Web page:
All stressed and above are required to:

  • Install flow meters – The water flow to rinse tanks should be turned off when process lines are not in use. This can be done manually or automatically. Conductivity sensors are also recommended to cycle the rinse water according to the concentration of contaminants.
  • Install low flow fixtures and flow resistors – Modern plumbing fixtures use significantly less water than conventional designs. As a result, UTC asks its sites to consider replacing old plumbing fixtures with new ones.
  • Reduce or eliminate rinse tank overflow – The water flow to rinse tanks should be turned off when process lines are not in use. This can be done manually or automatically. Conductivity sensors are also recommended to cycle the rinse water according to the concentration of contaminants.
  • Reduce or eliminate landscape irrigation (Xeriscaping) – Use local plants or natural landscaping that does not require irrigation. Consider the use of captured rainwater or recycled wastewater for irrigation. Also, use control systems that irrigate based on soil moisture content and rainfall amounts rather than a timed schedule.

All scarce and above are required to:

  • Recycle process wastewater – Identify water quality requirements for each process and evaluate water recycling opportunities. Examples of opportunities include cooling tower blow down that can be used in scrubber applications, and process water that can be reused several times for the same application.
  • Rainwater harvesting – Consider establishing systems that capture and reuse rainwater runoff to displace water from municipally-supplied and other sources. Rainwater can be useful in flushing toilets, washing cars, landscape watering, and washing parts.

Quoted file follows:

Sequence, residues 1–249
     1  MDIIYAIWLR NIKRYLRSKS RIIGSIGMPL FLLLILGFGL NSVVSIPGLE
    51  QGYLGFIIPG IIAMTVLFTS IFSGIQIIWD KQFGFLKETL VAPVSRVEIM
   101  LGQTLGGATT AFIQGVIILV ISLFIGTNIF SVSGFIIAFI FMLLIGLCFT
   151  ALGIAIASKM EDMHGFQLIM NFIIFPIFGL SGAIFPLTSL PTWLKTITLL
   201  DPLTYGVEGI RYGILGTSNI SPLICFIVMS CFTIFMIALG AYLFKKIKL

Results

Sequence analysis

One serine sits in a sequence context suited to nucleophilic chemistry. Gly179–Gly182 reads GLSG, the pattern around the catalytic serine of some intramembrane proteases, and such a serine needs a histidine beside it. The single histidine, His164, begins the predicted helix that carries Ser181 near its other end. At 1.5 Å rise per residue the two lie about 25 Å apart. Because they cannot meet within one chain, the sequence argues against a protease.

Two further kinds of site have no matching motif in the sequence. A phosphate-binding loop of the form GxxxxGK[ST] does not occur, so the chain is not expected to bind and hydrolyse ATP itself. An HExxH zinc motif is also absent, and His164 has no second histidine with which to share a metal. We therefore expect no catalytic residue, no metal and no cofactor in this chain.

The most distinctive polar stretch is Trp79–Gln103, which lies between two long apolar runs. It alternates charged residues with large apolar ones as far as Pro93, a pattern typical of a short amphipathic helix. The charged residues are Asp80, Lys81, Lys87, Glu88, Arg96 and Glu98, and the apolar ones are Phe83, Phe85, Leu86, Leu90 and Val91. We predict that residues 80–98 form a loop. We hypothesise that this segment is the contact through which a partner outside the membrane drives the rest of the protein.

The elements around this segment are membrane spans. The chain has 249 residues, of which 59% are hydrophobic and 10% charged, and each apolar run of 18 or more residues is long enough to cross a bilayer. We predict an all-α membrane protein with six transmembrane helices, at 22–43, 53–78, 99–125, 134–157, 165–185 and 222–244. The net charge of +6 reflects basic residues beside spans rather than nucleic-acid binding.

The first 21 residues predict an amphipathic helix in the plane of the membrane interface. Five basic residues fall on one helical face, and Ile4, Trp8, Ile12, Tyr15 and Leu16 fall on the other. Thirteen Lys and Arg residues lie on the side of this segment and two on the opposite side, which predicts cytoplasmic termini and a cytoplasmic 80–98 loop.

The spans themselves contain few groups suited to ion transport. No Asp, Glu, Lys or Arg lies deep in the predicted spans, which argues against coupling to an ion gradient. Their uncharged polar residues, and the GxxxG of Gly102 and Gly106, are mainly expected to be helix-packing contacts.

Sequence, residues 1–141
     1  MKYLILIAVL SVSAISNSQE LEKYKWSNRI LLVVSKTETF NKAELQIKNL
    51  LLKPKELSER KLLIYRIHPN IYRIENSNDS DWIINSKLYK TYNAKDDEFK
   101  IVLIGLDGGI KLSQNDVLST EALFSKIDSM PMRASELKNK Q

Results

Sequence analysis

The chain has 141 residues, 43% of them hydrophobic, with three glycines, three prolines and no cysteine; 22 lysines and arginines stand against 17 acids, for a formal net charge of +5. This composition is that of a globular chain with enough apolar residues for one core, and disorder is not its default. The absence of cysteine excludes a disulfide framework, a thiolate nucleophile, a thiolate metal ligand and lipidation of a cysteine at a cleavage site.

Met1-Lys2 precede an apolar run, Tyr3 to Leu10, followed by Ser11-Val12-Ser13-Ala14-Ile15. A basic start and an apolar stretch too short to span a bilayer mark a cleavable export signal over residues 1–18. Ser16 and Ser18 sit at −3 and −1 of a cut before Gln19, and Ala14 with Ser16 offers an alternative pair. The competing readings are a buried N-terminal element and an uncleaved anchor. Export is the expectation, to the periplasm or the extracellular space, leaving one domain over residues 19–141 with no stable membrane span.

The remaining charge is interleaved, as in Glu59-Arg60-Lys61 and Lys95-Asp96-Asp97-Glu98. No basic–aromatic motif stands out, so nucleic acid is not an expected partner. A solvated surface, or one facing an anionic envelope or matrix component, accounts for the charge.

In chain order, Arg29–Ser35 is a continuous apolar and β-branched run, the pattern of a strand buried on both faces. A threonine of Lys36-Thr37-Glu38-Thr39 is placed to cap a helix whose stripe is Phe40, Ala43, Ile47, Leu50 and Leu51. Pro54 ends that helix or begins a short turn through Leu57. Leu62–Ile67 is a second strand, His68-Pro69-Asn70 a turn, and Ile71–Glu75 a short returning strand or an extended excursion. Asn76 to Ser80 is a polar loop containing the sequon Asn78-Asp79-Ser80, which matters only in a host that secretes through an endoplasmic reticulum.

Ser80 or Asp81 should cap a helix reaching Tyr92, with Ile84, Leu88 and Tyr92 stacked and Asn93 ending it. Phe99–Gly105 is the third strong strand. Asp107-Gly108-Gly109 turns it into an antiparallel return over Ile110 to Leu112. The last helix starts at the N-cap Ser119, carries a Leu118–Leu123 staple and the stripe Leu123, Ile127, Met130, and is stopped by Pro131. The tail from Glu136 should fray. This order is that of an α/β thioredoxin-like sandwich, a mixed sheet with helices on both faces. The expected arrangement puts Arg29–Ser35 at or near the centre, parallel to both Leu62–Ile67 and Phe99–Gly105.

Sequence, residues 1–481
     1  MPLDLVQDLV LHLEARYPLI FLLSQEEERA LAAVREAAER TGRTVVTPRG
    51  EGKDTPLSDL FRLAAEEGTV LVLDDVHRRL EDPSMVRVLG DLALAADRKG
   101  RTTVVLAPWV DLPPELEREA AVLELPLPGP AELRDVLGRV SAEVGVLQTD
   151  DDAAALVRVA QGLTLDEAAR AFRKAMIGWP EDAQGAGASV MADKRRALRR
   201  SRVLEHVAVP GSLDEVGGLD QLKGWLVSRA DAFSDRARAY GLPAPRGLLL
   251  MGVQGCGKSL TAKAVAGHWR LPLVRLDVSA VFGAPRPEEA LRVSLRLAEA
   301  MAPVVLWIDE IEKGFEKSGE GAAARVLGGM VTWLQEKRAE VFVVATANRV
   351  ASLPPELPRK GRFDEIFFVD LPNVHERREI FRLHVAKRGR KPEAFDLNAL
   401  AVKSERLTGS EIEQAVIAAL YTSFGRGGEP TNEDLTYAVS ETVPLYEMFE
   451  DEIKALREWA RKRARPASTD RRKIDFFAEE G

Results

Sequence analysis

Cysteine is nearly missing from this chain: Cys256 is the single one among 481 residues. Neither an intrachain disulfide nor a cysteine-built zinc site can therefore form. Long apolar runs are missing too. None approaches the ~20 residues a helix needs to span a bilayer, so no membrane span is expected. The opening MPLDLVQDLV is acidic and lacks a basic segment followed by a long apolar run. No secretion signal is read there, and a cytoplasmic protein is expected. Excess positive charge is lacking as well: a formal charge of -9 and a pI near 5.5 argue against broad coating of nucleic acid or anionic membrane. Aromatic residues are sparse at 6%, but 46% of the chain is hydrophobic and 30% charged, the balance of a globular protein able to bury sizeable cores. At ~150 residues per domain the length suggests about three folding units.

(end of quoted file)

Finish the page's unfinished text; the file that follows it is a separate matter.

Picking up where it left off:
In the United States, UTC’s Guidance Document was utilized in 2010 by all the 128 sites it owned at the time, 101 of which were located in areas with Sufficient or Abundant water supply while another 27 were in regions that are Stressed, Scarce or Extremely Scarce. 

The UTC Global Water Conservation Guidance Document was developed and released in late 2010. Initially, it was provided to sites as voluntary guidance, but in 2014, UTC began mandating compliance with the processes outlined in the document. The guidance document is incorporated into UTC’s sustainability goals, and in the future, the data collection process will be automated so the company will be able to monitor site-by-site if best practices are being implemented, and also understand the rate at which savings are being achieved. The guidance document was developed and reviewed in-house by UTC’s Environmental Health and Safety council and internal subject matter experts. UTC then reached out to the World Resources Institute and other non-governmental organizations and consultants for external review. As sites implement best practices, they report their success stories, which are then shared across the organization.